R. Stewart, Department of Oceanography, Texas A&M University, offers textbook notes for a course on physical oceanography. A section on equatorial processes is included. R. Stewart's Introduction to Physical Oceanography is available in PDF format.

D. Wright, Department of Geosciences, Department of Oceanography, Oregon State University, provides lecture notes for a course on the geography of the oceans.

M. Tomczak, School of Chemistry, Physics and Earth Sciences, Flinders University, Adelaide, Australia, offers lecture notes for a course on physical oceanography. Regional Oceanography: An Introduction by M. Tomczak and J. S. Godfrey is made available in PDF format.

E. Takle, Department of Geological and Atmospheric Sciences, Iowa State University, provides lecture notes and Internet links for a course on global change.

General Reports and Articles

R. Muller, Physics Department, University of California, Berkeley, makes available introductions to the history of climate and ice age theories from his book Ice Ages and Astronomical Causes.

Climate Change 2001: The Scientific Basis is made available on the Web by the Intergovernmental Panel on Climate Change. A chapter on observed climate variability and change is included.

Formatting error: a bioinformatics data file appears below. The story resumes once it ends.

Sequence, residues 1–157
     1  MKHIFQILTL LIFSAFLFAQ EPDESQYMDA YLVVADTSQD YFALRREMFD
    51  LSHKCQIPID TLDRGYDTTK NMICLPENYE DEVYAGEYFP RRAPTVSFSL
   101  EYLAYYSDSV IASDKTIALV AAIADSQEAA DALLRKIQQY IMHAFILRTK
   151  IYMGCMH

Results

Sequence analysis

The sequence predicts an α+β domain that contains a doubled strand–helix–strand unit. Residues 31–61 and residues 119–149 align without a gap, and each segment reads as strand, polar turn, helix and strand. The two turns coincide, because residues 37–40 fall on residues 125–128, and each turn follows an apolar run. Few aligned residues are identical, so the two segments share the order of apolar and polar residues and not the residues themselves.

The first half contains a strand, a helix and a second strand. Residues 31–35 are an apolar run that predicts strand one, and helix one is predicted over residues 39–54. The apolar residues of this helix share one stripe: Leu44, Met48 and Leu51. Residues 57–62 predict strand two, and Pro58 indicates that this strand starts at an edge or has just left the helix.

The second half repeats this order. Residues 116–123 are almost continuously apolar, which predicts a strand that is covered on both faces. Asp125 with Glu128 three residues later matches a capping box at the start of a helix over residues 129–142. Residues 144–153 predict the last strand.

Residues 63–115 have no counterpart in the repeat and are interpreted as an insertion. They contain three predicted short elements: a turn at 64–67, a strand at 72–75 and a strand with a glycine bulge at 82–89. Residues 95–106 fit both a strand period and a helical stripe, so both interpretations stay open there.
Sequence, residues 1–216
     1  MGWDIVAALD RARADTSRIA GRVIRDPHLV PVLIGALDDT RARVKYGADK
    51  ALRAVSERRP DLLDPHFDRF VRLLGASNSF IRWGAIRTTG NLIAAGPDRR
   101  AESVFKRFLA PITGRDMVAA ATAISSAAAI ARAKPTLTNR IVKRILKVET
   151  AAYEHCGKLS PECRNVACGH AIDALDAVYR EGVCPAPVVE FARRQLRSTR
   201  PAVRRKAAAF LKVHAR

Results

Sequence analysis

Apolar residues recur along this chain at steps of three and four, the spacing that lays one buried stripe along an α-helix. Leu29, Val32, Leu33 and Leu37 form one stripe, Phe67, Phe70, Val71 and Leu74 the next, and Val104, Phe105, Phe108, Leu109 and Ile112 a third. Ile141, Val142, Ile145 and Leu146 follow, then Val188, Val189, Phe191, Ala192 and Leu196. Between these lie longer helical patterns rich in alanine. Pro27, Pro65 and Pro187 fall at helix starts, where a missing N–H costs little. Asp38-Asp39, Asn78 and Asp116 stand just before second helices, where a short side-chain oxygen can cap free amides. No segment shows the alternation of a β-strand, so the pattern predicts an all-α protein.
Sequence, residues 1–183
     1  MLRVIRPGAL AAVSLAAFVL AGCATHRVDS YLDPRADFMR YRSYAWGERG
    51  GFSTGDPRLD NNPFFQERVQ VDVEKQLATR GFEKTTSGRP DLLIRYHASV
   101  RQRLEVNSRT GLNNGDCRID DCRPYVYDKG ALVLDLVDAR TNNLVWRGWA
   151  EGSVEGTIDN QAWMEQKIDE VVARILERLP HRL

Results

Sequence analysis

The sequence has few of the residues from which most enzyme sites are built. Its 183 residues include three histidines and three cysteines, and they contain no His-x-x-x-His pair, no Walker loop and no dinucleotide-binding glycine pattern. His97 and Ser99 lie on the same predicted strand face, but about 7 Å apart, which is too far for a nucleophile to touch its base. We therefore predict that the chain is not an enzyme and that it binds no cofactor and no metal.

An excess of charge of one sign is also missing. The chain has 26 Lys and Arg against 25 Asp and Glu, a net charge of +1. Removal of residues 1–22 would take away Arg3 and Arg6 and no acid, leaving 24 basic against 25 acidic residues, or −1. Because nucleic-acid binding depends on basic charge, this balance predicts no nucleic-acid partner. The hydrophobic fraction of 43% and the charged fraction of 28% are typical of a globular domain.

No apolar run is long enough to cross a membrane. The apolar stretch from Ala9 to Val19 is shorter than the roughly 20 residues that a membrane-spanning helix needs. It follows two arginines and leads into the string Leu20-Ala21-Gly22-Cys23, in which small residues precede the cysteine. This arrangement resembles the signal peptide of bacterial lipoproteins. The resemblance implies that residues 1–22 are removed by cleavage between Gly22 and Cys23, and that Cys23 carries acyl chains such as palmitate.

The 27 April 2001 issue of Science had a special section on paleoclimate. Included was a review by J. Zachos et al. titled “Trends, rhythms, and aberrations in global climate 65 Ma to present.”

The 16 June 2000 issue was a special issue on understanding Earth's dynamics. A Web supplement provides a selection of previously published Science articles about El Niño and ocean-atmosphere coupling and modeling.

The December 2001 issue of Geotimes had an article by M. Huber titled “Climate change: A glance in the rear view mirror.”

Numbered Hypernotes

1. Tropical oceans and climate. M. Tomczak offers lecture notes on the oceans and climate for a physical oceanography course. NASA's Earth Observatory Web site includes a presentation by D. Herring on oceans and climate. The 10 November 2000 issue of Science had an Enhanced Perspective by M. Cane and M. Evans titled “Do the tropics rule?” The 2 October 1998 issue had a Perspective by M. Cane titled “A role for the tropical Pacific.” The 27 April 2001 issue of Science had a news article by R. Kerr titled “The tropics return to the climate system.” The 15 February 2000 issue (which includes a collection of articles on abrupt climate change) of the Proceedings of the National Academy of Sciences had a perspective article by R. Pierrehumbert titled “Climate change and the tropical Pacific: The sleeping dragon wakes.”

2. Earth's hydrological cycle. Weather World 2010 Project (WW2010, presented by the Department of Atmospheric Sciences, University of Illinois, offers an introduction to the hydrologic cycle. The Remarkable Ocean World, provided by W. S. Chamberlin, Division of Natural Sciences, Fullerton College, CA, offers an introduction to the hydrologic cycle. E. Takle provides lecture notes on the global hydrological cycle for a course on global change. NOAA's Climate Diagnostics Center provides a section on hydrologic cycle climate research in its 1997 Science Program Review.